God for us, we call you Father.
God alongside us, we call you Jesus.
God within us, we call you Holy Spirit.
You are the eternal mystery that enables, enfolds, and enlivens all things,
Even us and even me.
Every name falls short of your goodness and greatness.
We can only see who you are in what is.
We ask for such perfect seeing—
As it was in the beginning, is now, and ever shall be.
In the Divine Spirit—God within us, already promised, often with different words, by the Hebrew prophets, as in Jeremiah 31:31-34 and Isaiah 11:2—God takes on an indwelling character. The unnamable I AM becomes writ large on our hearts, revealing the “down and in” divine characteristic present since the beginning of time. Let’s call the Holy Spirit Implanted Hope.
Theologian Jack Levison points out that there are many meanings for the Hebrew word ruach and the Greek pneuma: “The original Hebrew and Greek words for ‘spirit’ were used to convey concepts as diverse as a breath, a breeze, a powerful gale, an angel, a demon, the heart and soul of a human being, and the divine presence itself.”  For me, what seems most significant is that Spirit is the divine indwelling in creation. As God promises Ezekiel, “I will put my spirit within you, and you shall live.” (See Ezekiel 37:9-14.)
Without God as Holy Spirit, there’s no inner momentum, élan vital, or aliveness to heal our wounds. When the Spirit is alive in people, they wake up from their mechanical thinking and enter the realm of co-creative power. As in Ezekiel’s vision, the water flows from ankles to knees to waist to neck as the New Earth is hydrated. (See Ezekiel 47:1-12.) Like Pinocchio, we move from wooden to real. We transform from hurt people hurting other people to wounded healers healing others. Not just as individuals but as shapers of history that keeps moving forward through the Spirit’s power.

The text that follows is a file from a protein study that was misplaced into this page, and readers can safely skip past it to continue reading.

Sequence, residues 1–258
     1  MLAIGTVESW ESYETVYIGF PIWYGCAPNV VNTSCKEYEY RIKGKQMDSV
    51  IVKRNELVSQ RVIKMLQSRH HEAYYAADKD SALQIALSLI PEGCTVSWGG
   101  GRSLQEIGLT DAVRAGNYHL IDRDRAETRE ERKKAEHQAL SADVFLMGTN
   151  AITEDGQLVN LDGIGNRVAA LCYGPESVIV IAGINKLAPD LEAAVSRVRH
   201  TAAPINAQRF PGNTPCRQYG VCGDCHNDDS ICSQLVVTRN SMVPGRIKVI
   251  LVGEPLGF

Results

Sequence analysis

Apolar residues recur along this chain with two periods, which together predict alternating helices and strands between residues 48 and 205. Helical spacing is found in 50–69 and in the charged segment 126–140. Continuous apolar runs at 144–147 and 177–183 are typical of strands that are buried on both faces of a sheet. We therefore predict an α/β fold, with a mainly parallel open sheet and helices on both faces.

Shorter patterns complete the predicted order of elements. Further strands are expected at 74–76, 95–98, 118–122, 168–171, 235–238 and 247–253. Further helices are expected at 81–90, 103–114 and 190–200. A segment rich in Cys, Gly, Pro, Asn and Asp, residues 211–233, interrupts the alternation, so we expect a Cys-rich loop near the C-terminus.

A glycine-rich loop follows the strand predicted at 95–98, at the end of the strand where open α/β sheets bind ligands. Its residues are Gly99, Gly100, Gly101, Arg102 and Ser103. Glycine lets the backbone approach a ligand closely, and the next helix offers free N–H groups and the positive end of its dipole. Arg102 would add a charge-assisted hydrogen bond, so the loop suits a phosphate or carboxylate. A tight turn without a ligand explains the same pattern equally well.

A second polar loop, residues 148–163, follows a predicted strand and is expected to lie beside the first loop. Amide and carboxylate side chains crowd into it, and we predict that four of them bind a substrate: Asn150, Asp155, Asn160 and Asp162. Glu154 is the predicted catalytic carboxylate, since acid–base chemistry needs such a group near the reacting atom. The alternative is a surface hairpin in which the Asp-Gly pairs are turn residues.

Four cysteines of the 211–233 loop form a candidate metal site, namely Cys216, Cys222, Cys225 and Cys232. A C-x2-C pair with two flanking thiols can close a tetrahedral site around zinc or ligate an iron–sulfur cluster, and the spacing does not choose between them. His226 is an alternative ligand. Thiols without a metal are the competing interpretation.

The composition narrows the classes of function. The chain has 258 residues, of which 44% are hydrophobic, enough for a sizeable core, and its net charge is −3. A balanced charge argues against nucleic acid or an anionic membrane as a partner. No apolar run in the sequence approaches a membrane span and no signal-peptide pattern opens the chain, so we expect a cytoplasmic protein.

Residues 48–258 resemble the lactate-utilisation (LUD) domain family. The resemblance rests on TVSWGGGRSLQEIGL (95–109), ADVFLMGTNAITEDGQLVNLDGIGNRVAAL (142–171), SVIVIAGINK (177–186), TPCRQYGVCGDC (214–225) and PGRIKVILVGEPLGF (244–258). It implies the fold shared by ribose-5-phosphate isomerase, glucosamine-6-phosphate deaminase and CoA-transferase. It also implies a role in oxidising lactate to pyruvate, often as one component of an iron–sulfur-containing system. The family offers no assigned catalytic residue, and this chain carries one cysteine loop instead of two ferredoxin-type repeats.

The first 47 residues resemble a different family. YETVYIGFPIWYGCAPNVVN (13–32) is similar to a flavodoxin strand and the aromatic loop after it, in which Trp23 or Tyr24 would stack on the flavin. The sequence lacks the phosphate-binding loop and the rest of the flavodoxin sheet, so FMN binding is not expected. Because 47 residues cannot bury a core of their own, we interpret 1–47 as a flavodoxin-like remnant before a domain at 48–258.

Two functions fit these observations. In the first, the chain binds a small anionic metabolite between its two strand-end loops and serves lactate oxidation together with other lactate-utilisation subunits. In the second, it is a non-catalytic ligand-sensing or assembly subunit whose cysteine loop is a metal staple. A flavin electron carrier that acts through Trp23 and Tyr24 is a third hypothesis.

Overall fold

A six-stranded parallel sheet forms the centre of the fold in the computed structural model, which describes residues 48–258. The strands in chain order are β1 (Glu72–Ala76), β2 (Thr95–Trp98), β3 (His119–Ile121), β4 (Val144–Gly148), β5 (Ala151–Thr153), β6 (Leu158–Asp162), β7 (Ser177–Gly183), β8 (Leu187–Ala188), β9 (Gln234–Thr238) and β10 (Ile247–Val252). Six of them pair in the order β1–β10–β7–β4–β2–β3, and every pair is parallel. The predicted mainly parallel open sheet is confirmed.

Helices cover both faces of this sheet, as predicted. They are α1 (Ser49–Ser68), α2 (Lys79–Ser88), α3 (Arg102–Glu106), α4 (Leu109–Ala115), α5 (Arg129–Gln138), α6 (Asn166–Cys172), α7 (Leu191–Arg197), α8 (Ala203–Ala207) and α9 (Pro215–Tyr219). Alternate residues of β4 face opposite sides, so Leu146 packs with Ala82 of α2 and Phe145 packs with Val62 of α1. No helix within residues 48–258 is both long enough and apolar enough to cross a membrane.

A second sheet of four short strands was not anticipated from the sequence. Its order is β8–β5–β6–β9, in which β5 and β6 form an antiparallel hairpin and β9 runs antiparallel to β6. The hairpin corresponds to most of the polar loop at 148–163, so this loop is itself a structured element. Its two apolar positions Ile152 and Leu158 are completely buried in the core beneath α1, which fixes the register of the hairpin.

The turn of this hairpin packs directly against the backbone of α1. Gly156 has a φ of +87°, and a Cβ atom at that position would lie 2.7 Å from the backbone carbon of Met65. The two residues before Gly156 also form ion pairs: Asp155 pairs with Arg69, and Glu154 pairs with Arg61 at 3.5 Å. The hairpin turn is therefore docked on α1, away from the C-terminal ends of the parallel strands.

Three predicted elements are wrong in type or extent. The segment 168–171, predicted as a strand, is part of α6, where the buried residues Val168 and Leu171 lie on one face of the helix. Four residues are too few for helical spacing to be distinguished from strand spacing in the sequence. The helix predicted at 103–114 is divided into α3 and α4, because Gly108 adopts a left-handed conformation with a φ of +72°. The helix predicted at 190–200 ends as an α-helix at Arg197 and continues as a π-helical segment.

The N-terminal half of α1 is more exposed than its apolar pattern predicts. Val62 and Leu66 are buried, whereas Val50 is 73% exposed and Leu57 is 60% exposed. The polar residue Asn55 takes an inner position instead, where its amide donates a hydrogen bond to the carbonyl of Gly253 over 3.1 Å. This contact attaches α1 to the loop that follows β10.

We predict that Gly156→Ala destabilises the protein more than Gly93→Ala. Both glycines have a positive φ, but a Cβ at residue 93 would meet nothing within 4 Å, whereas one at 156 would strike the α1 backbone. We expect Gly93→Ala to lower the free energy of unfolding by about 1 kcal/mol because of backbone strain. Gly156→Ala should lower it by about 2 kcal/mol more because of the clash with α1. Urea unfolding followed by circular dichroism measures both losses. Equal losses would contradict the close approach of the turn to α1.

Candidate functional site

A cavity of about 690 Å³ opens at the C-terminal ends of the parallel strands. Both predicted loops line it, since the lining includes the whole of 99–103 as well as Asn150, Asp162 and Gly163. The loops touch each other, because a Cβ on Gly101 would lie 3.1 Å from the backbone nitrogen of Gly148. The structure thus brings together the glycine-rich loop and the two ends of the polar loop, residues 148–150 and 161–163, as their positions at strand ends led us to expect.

The Indwelling Spirit is this ability of humanity to keep going, to keep recovering from its wounds, to keep hoping. One thing we love so much about young children is their indomitable hope, curiosity, and desire to grow. They fall down, and soon they’re all grins again. Another generation is going to try again to live life to the fullest. But all too often, by the time they’re sixty they don’t smile so much, and we ask, “What happened between six and sixty?” I see it as loss of Spirit, because if you trust that the Holy Spirit is alive within you, you will keep on, despite every setback.
 Jack Levison, Fresh Air (Paraclete Press: 2012), 13-14.
Adapted from Richard Rohr with Mike Morrell, The Divine Dance: The Trinity and Your Transformation (Whitaker House: 2016), 144-147.